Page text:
U.S. Army Selects IBM for $62M Cloud Deal
January 19, 2017
U.S. Army has signed a five-year, multi-million dollar contract with
IBM to build, manage and operate a cloud solution for greater IT
flexibility, efficiency and performance.
Designed for the Army’s Redstone Arsenal, near Huntsville, Ala., the
solution is part of the Army Private Cloud Enterprise (APCE)
program, a one-year task order with four additional one-year options
under the Army Private Cloud 2 (APC2) contract.* If the Army
exercises all options, the contract would be worth approximately $62
million over the five years.
In addition to building the infrastructure, IBM will provide the
Army with Infrastructure-as-a-Service (IaaS) services, enabling it
to provision computing power on an as-needed basis for the most
efficient and cost-effective IT. The Army also will begin migrating
applications to the private cloud, moving up to 35 applications to
the private cloud in the first year.
“With this project, we’re beginning to bring the IT infrastructure
of the U.S. Army into the 21st century,” said Lt. Gen. Robert
Ferrell, U.S. Army CIO. “Cloud computing is a game-changing
architecture that provides improved performance with high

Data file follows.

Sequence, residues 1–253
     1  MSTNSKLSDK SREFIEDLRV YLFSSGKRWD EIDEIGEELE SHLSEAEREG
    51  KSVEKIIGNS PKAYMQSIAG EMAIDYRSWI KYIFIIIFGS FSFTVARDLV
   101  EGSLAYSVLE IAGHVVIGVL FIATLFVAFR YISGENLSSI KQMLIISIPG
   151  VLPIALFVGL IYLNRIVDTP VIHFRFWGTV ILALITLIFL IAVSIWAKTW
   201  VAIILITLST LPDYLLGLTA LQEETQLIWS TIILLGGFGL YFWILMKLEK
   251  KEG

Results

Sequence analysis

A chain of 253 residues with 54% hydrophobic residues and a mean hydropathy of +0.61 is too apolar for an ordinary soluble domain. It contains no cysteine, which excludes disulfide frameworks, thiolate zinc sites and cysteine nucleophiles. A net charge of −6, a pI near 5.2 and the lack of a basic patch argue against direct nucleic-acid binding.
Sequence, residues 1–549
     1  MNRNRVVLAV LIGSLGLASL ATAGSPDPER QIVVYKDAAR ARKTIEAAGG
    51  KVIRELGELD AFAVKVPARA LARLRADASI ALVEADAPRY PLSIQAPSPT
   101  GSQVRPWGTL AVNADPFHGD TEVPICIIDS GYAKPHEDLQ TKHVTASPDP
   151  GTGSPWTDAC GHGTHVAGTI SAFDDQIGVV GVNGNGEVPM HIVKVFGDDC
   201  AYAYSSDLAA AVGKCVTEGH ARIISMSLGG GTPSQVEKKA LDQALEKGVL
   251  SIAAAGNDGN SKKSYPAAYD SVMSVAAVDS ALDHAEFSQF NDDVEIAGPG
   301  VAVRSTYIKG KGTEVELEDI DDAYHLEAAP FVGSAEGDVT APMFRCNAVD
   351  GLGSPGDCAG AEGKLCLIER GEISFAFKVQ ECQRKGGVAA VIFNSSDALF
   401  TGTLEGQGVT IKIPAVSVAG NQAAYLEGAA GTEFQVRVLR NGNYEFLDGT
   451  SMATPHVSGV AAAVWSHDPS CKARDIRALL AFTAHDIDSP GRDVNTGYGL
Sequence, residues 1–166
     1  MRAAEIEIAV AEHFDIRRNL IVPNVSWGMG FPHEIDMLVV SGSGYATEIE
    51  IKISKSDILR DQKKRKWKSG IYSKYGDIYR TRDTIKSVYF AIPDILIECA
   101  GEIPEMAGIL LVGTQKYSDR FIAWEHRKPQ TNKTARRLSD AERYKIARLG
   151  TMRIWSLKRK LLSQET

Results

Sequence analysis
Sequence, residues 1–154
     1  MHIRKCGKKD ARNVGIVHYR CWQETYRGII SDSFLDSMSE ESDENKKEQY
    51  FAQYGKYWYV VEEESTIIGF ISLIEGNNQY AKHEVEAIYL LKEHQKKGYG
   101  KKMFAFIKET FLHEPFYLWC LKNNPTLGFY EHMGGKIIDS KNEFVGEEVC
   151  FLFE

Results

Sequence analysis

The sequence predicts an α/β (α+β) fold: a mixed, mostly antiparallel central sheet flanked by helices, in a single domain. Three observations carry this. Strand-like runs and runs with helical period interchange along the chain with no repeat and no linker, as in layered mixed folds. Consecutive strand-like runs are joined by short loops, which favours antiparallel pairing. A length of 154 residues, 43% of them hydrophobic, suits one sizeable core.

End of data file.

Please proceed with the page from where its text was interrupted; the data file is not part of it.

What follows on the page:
efficiency, all in a secure environment.”
This project required Defense Information Systems Agency (DISA)
Impact Level 5 (IL-5) Provisional Authorization. Information impact
levels consider the potential impact of information being
compromised. IL-5 gives the cloud provider the authority to manage
controlled, unclassified information.
IBM is the only company to be authorized by DISA at IL-5 to run
Infrastructure-as-a-Service solutions on government premises. IBM
announced the accreditation in February which included a condition
limiting the initial number of tenants in the cloud; that condition
was removed in September.
The distinction renders IBM an ideal partner for the Army as it
undertakes this on-premise private cloud initiative. The Army
expects IBM to achieve DISA IL-6 – the agency’s highest level –
within one year, which would certify IBM to work with classified
information up to “secret.”
today are increasingly looking at the cloud as a pathway to
innovation,” said Sam Gordy, general manager, IBM U.S. Federal.
“This IBM Cloud solution will provide the Army with greater
flexibility and will go a long way toward mitigating, and, in some
cases eliminating, the security challenges inherent with multiple
ingress and egress points.”
Today’s news builds on IBM’s strong relationship with the Army,
which last year adopted an IBM hybrid cloud solution for its
Logistics Support Activity. Through the solution, the Army connected
its on-premises environment to the IBM Cloud for greater
performance, scalability and security.